A cargo plane goes down in the middle of the Sahara desert, hundreds of miles off course and away from any apparent civilization. Its pilot, Captain Frank Towns (Stewart), navigator, Lew Moran (Attenborough), and many passengers face death from all directions: lack of resources, limited water, oppressive heat, and a hostile band of Arab thieves. One passenger, a German and a pariah among the men, Heinrich Dorfmann (Kruger), has an idea that he can rebuild a functioning aircraft, but its up to the others whether or not they put their faith in his unlikely plan. The Flight of the Phoenix is an outstanding survival drama and maybe the best film about leadership, ego, and disparate personalities forced into working together by brutal circumstance. Captain Towns is a proud man with decades of experience fueling his stubbornness, but perhaps there are things he doesn’t know, things the younger men can teach him. Lew is the mediator. He loves and respects his Captain but he suspects that they might need Dorfmann in order to survive. Dorfmann, meanwhile, is a tyrant when it comes to it. He’s petty, arrogant, confrontational, and it’s unclear whether he’s a genius or a madman. Captain Harris (Finch) is the stereotypical British soldier, stiff upper-lip, brave, adheres ceaselessly to the book, even when the elements make that book absurd. Ratbags (Bannen) is sarcastic and apathetic. Dr. Renaud (Marquand) is compassionate. Trucker Cobb (Borgnine) loses his mind. Standish (Duryea) leans on his religion, and Sergeant Watson (Fraser), perhaps the most-loathed character across all film, is a coward. These characters are what make The Flight of the Phoenix so compelling. When the action sequences do come, they’re riveting and impressive, but it starts and ends with the actors and the fine work they do.

-Walter Tyrone Howard-

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Next (2007, Directed by Lee Tamahori) English 5

Starring Nicholas Cage, Julianne Moore, Jessica Biel, Thomas Kretschman, Peter Falk, Jim Beaver

Next (2007 film) - Alchetron, The Free Social Encyclopedia

(5-Okay Film)

Intriguing. Shoddy. Silly.

Cris Johnson: Here is the thing about the future. Every time you look at, it changes, because you looked at it, and that changes everything else.

When a high concept film is done poorly, it becomes silly. Next, taken from a story by the high concept king, Philip K. Dick, is done poorly. It stars Nicolas Cage as Cris Johnson, who also goes by Frank Cadillac, a seemingly inconsequential magician performing in Vegas. But Cris actually has one extraordinary ability. He can see the future up to two minutes in front of him. The FBI are after him because they believe his ability can help them prevent a terrorist plot for nuclear disaster. The terrorists are after him because they agree. It’s a potentially interesting premise, but one that’s difficult to wrap one’s head around. The implications of Cris’ talent and the variations of time that he creates seem infinite. It would take a brilliant mind to make this material work, or at least a thoughtful one. Next is neither thoughtful nor brilliant. It’s fast-paced enough not to be boring but it’s also pretty crudely done.

-Walter Tyrone Howard-

(1,090)

Indiana Jones and the Raiders of the Lost Ark (1981, Directed by Steven Spielberg) English 9

Starring Harrison Ford, Karen Allen, Paul Freeman, Ronald Lacey, John Rhys-Davies, Denholm Elliot, Alfred Molina

Raiders of the Lost Ark' cast: Actors and their characters in the 1981  Indiana Jones film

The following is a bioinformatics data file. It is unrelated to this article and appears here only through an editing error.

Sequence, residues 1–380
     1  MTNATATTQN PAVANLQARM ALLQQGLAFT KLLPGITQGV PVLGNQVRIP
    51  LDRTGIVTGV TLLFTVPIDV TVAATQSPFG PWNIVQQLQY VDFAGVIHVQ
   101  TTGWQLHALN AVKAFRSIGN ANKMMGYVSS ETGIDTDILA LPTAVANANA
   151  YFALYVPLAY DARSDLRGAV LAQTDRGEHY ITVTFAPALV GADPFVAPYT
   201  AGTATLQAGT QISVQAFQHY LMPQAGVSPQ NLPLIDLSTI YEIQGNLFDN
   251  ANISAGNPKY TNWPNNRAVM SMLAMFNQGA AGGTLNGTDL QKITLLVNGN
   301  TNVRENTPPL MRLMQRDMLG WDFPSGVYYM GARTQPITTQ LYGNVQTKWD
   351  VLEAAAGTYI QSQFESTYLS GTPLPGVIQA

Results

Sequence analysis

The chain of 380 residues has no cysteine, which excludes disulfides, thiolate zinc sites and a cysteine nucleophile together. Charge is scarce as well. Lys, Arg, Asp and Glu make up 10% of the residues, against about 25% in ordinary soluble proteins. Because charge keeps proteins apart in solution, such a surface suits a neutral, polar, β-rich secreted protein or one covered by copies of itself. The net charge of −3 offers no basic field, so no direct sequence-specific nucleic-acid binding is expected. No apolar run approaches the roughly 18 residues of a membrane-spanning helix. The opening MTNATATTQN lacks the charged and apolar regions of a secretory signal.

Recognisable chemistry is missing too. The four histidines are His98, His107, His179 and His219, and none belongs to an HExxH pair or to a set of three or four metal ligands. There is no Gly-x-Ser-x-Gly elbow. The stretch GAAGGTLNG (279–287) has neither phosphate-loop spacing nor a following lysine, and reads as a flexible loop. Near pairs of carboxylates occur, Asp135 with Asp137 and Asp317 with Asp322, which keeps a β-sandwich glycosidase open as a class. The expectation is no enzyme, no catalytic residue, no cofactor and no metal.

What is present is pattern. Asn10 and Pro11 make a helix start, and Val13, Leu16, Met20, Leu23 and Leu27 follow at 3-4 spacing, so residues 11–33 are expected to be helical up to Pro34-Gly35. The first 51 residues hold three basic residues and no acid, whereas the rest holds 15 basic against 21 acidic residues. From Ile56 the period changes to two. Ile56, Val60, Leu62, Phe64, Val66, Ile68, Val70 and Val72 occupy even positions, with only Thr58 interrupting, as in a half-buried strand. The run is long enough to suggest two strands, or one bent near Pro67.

(9-Great Film)

Classic. Expert. Fun.

Indiana: Meet me at Omar’s. Be ready for me. I’m going after that truck.

Sallah: How?

Indiana: I don’t know. I’m making this up as I go.

Jaws is considered the first “blockbuster,” but Indiana Jones is the one that I see as the benchmark. Not because Jaws isn’t a great film, but because I see traces of Indiana Jones in just about every major blockbuster since. Starring Harrison Ford as the iconic, titular hero, Indy (an archaeologist, university professor, and globetrotter) is caught up in a race with the Nazis to find the Ark of the Covenant. Helped along the way by an old flame, Marion (Allen), a work colleague, Marcus Brody (Elliot), and a loyal friend, Sallah (Rhys-Davies), Indy works his way through one great action set-piece after another. Like a few other great American classics-Casablanca or Chinatown, for example-Raiders of the Lost Ark isn’t necessarily my favorite film. My taste gravitates towards stranger things; movies like its sequel Temple of Doom, which I adore. Raiders of the Lost Ark, however, is a nearly perfect film. It’s tremendous storytelling by the master of blockbuster filmmaking, Steven Spielberg, and in Harrison Ford, he had a star who was instantly compelling. Consider how much is happening to Indy and around him throughout this movie, then consider if you ever felt the character was overshadowed by the action. That’s a tribute to Ford that he’s never lost in the maelstrom. He’s one of the great movie stars.

-Walter Tyrone Howard-

(1,089)

Assassin’s Creed (2016, Directed by Justin Kurzel) English 4

Starring Michael Fassbender, Jeremy Irons, Marion Cotillard, Brendan Gleeson, Charlotte Rampling, Michael K. Williams, Ariane Labed, Carlos Bardem, Essie Davis

(4-Bad Film)

Dreary. Serious. Muddled.

Callum Lynch: We work in the dark to serve the light. We are assassins.

I realize that it’s unfair to judge a video game series by its movie adaptation, but, having never played any of the Assassin’s Creed games, I can’t help never wanting to, after working my way through this seemingly interminable drag of a film. Working with an original story set in the world of Assassin’s Creed, Callum Lynch (Fassbender), a violent prisoner, is coerced into delving into his ancestor’s memories through amazing new technology (so amazing that it’s nonsensical, even in this, a fantasy), in what his captors hope will bring them to the sacred apple of Eden and a chance to eliminate violence in the world. So yes, Assassin’s Creed has a lot of big ideas and explores them seriously, and with the benefit of a sterling cast. Unfortunately, there’s not an ounce of fun to be had watching this picture, as far as I’m concerned, and a little bit of camp might have helped. It’s a sluggish work with too much exposition and not enough character development. With no humor whatsoever and no romance, Assassin’s Creed has the austerity of a classic historical epic, but with none of the spectacle.

-Walter Tyrone Howard-